New Houthi missile hits American-owned cargo ship off coast of Yemen, U.S. officials confirm

Must read

A Houthi-fired missile struck an American-owned cargo ship traveling off Yemen’s coast near the Gulf of Aden on Monday, U.S. military officials said, the latest in a string of attacks by the Iran-backed rebel group on regional shipping lanes in recent months that have exacerbated regional tensions.

The brazen attack raised serious questions about the effectiveness of U.S. and British airstrikes on Houthi positions in Yemen last week.

Those intense airstrikes, backed by some U.S. allies, targeted sites housing Houthi missiles, drones, radar equipment and other tools used to launch attacks against commercial ships, Pentagon officials said.

The events Monday strongly suggest that the Houthis retain the ability and willingness to wreak havoc on vessels traveling through the Red Sea and elsewhere along the Yemeni coast, some of the world’s busiest and most strategically vital waterways.

The United Kingdom Maritime Trade Operations reported that the U.S.-owned vessel was “hit from above by a missile.” U.S. Central Command, which oversees American military operations in the region, confirmed the incident and said Houthi forces were to blame.

“Iranian-backed Houthi militants fired an anti-ship ballistic missile from Houthi-controlled areas of Yemen and struck the M/V Gibraltar Eagle, a Marshall Islands-flagged, U.S.-owned and -operated container ship,” CENTCOM said in a statement posted on social media. “The ship has reported no injuries or significant damage and is continuing its journey.”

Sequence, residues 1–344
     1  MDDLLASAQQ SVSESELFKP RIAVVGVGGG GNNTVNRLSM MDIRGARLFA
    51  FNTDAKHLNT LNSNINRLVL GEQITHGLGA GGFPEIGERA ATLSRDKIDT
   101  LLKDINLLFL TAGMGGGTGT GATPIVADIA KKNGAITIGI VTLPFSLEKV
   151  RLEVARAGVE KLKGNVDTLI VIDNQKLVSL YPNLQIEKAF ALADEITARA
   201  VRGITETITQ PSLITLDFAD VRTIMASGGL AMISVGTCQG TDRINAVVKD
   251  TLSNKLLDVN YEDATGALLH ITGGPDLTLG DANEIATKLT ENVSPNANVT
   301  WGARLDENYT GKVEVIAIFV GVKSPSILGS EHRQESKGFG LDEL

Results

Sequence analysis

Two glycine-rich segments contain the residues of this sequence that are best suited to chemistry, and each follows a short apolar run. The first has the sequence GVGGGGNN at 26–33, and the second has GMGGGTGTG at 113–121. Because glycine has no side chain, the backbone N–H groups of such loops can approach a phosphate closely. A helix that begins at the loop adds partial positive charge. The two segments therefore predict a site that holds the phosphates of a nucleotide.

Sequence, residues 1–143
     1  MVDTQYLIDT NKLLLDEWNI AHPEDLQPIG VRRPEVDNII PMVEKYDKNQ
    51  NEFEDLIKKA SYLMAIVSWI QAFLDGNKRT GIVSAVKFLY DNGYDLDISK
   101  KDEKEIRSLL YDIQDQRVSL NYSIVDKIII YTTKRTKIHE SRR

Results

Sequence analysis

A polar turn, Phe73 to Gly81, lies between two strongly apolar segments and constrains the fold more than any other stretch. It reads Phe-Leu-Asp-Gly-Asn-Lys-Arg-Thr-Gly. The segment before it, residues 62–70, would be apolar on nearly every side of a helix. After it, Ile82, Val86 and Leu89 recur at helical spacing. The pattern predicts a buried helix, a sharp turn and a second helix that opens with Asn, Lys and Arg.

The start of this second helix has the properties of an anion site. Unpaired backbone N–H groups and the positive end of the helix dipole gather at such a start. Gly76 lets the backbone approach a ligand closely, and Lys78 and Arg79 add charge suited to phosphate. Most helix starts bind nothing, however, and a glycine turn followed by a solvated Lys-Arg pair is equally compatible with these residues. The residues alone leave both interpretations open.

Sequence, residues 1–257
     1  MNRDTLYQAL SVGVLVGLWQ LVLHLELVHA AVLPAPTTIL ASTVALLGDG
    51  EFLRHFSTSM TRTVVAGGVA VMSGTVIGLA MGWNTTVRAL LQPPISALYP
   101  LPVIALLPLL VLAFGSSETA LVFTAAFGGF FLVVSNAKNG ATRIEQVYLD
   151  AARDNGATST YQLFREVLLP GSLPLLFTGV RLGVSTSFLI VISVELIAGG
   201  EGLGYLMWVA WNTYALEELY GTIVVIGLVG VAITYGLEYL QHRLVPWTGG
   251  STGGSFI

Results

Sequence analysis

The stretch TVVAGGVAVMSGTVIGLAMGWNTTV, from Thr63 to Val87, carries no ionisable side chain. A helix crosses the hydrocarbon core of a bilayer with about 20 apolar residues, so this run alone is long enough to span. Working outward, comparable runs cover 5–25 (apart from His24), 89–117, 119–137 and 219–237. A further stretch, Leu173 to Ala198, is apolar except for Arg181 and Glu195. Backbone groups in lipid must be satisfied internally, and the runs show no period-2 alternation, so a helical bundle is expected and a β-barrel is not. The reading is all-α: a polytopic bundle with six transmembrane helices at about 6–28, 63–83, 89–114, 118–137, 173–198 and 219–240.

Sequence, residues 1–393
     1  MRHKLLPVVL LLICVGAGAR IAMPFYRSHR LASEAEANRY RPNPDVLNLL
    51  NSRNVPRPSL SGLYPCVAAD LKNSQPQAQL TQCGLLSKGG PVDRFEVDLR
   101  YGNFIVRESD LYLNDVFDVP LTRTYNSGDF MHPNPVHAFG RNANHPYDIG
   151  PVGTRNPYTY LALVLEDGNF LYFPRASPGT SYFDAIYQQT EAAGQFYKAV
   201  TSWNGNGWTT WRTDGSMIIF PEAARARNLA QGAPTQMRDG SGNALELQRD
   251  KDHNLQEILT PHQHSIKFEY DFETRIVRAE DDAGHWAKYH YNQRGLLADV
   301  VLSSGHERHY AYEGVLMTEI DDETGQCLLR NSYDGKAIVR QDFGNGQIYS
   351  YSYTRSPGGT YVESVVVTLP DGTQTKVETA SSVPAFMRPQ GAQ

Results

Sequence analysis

SEE ALSO: No ‘material damage’? Questions mount over impact of U.S. strikes on Yemen’s Houthi rebels

The Gibraltar Eagle’s operator, Eagle Bulk Shipping, confirmed that the ship, carrying a steel product cargo, was struck while sailing about 100 miles off Yemen’s coast.

“As a result of the impact the vessel suffered limited damage to a cargo hold but is stable and is heading out of the area,” the company said in a statement. “All seafarers onboard the vessel are confirmed to be uninjured.”

The Associated Press, citing private satellite data, said the vessel apparently was headed for the Suez Canal but turned around after the attack.

Many global shipping lines, citing the uncertain security environment, have implemented plans to suspend or divert commercial shipments through the waterway.

Hours before the strike on the American ship, U.S. troops detected an anti-ship ballistic missile fired toward southern Red Sea commercial shipping lanes, CENTCOM said. The missile failed in flight and crashed on land in Yemen, officials said. No injuries or damage were reported.

On Sunday, the Houthis fired a missile toward the USS Laboon, a warship traveling through the southern Red Sea. The missile was shot down and did not cause any damage or injuries, U.S. officials said.

The multiple salvos over a frantic 24-hour period mark the first Houthi attacks since the massive U.S. and British airstrikes against the rebel group in Yemen. During the initial rounds of bombing Thursday night, U.S. and British troops struck 28 locations and destroyed more than 60 Houthi targets, Pentagon officials said. The U.S. launched a follow-up strike on Friday that hit a Houthi radar site.

The Houthis had launched at least 26 attacks on Red Sea shipping lanes over two months. Houthi leaders have said their Red Sea campaign is retaliation against Israel for its war with Palestinian militants in the Gaza Strip, though many of the ships targeted seemingly had no connection with the Jewish state.

Other Iran-linked forces, including Lebanon’s Hezbollah and Shiite militias in Iraq and Syria, have stepped up attacks on U.S. and Israeli targets in the region since Hamas’ Oct. 7 terrorist rampage in southern Israel and the brutal urban warfare unleashed in retaliation in Gaza.